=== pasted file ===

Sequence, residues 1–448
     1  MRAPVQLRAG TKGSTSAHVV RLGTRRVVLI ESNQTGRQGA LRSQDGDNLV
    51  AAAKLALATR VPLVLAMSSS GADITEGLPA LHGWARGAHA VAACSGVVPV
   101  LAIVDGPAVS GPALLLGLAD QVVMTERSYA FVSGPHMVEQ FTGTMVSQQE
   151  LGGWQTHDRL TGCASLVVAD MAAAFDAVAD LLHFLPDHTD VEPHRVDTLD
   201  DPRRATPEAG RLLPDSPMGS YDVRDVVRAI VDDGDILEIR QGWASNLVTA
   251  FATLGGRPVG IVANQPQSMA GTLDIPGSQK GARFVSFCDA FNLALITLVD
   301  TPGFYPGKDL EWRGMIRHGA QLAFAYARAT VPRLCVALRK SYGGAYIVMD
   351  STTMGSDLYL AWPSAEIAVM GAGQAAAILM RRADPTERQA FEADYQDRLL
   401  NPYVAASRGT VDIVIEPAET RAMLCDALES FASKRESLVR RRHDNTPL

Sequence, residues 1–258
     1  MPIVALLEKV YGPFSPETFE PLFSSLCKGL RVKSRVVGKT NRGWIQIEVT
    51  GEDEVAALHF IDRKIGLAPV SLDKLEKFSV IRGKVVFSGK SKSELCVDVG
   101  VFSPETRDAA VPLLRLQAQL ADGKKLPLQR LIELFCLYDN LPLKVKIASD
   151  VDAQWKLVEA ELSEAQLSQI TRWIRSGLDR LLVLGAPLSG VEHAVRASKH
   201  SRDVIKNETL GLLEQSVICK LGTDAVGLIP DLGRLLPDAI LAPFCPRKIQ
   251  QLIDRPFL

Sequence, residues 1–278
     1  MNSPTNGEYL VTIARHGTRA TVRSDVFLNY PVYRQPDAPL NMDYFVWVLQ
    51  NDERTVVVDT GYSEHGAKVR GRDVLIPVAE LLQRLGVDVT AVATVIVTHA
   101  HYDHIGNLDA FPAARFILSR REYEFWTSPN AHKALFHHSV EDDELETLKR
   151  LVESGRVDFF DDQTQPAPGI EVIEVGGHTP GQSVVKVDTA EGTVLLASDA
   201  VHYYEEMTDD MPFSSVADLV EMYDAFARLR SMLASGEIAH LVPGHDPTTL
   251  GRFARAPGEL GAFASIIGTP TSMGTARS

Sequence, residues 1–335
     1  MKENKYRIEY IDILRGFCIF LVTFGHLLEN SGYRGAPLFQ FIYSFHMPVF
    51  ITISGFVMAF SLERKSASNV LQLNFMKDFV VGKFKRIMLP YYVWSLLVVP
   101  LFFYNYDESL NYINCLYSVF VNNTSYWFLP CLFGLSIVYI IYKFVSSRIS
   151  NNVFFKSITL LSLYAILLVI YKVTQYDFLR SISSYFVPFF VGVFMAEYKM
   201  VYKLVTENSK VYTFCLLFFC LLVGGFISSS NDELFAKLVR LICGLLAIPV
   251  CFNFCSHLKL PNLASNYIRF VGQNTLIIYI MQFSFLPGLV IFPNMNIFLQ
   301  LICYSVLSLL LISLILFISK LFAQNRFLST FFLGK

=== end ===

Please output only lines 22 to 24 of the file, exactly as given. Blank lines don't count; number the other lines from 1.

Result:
   151  LVESGRVDFF DDQTQPAPGI EVIEVGGHTP GQSVVKVDTA EGTVLLASDA
   201  VHYYEEMTDD MPFSSVADLV EMYDAFARLR SMLASGEIAH LVPGHDPTTL
   251  GRFARAPGEL GAFASIIGTP TSMGTARS